– The United States never paid much attention to anyone before, but is now fidgeting and has to address problems created by other countries. 

– For us, the United States is still something big and powerful, but we ignore the fact that it sustained big losses in the late 2000s by getting involved in a number of military conflicts. They obviously wanted to show their might but lost. Then there was an economic crisis which had a damaging impact on the attractiveness of the American economic model, followed by the Abu Ghraib prison abuse scandal, Snowden’s revelations, etc. The U.S. has lost the aura of moral supremacy. There is no doubt that it is still very strong in all respects, but it has entered a very dangerous period when it will have to realize that although it remains a powerful state, it is no longer dominant. This is going to be hard for the Americans because the feeling of having been chosen and empowered to dominate runs in their genes. This feeling got a strong boost in the 1990s when the U.S. seems to have won everything and everywhere. But the situation has changed and the Americans will need a long time to get used to this.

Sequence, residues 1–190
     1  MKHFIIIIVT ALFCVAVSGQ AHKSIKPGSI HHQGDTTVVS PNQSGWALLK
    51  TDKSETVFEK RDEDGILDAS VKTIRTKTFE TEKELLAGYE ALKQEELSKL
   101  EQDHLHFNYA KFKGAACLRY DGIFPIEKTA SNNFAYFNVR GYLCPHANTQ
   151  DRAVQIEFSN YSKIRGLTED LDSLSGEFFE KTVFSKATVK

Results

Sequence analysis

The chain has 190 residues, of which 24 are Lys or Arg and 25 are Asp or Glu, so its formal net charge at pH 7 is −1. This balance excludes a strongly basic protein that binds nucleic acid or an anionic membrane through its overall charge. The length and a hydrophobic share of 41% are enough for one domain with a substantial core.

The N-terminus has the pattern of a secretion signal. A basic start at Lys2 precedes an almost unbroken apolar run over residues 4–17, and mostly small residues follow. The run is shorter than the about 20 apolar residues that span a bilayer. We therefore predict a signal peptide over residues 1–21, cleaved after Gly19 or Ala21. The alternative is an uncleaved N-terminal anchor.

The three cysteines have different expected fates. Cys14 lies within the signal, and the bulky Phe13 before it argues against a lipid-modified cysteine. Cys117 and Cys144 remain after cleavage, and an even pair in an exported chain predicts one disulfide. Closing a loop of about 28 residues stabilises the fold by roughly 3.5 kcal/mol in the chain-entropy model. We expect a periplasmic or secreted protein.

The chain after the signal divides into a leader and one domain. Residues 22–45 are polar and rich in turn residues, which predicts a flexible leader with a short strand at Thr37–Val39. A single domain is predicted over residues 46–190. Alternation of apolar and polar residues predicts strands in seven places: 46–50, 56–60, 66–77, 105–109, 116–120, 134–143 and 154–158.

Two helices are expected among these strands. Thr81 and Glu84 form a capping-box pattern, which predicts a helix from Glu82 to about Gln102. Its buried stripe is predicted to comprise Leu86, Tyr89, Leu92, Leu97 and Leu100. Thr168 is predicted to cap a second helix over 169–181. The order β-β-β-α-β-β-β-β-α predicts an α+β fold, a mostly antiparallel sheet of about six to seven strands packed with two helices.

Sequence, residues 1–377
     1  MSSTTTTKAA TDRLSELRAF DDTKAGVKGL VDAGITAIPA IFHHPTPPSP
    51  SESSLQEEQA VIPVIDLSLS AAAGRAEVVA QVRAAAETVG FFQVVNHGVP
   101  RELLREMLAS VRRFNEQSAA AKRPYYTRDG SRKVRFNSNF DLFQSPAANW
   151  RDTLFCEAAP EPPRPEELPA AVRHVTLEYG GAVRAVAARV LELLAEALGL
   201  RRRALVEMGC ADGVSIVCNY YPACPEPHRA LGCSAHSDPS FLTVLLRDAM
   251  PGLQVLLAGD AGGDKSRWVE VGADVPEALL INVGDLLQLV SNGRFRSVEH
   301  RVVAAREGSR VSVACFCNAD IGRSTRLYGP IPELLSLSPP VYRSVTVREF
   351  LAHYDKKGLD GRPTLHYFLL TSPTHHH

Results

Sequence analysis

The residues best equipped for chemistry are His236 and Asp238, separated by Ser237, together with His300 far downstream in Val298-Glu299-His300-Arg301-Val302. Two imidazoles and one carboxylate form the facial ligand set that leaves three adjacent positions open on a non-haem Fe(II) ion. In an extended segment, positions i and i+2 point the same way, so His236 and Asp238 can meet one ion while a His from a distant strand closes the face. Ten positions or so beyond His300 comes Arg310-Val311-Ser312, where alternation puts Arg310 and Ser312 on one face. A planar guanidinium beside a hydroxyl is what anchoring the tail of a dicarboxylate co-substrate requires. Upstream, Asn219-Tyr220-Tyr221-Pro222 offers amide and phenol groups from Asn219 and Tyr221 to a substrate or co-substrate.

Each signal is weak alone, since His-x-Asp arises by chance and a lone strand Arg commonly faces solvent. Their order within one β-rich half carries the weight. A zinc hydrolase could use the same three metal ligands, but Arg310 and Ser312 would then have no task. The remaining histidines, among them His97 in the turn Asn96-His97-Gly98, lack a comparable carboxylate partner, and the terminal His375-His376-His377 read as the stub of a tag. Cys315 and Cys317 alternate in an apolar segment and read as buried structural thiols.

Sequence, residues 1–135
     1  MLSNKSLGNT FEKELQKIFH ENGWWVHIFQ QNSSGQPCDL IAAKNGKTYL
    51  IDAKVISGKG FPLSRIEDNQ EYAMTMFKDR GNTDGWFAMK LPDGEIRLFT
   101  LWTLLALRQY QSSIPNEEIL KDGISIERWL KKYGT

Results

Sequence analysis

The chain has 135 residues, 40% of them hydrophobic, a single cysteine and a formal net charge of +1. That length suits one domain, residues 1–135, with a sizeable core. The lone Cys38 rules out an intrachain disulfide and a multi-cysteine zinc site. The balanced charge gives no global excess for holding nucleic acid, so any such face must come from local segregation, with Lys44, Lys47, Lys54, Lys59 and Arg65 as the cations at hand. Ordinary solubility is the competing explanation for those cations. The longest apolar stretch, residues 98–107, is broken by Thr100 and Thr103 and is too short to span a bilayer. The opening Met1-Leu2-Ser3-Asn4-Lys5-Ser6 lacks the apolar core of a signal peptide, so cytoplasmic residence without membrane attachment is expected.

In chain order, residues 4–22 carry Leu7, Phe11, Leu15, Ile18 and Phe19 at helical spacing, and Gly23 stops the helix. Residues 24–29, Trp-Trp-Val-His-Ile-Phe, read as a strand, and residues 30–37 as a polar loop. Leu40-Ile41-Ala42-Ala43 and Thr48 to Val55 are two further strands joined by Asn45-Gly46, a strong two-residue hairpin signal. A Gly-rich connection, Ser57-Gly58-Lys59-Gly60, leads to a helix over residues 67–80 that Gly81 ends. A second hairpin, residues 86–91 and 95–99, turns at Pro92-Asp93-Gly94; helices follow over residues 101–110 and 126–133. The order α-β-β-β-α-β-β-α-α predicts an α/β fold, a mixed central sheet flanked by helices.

– But politics is not a soap opera where at the height of success the hero is about to be ruined, and when it seems it’s all up with him he gets unexpectedly rescued…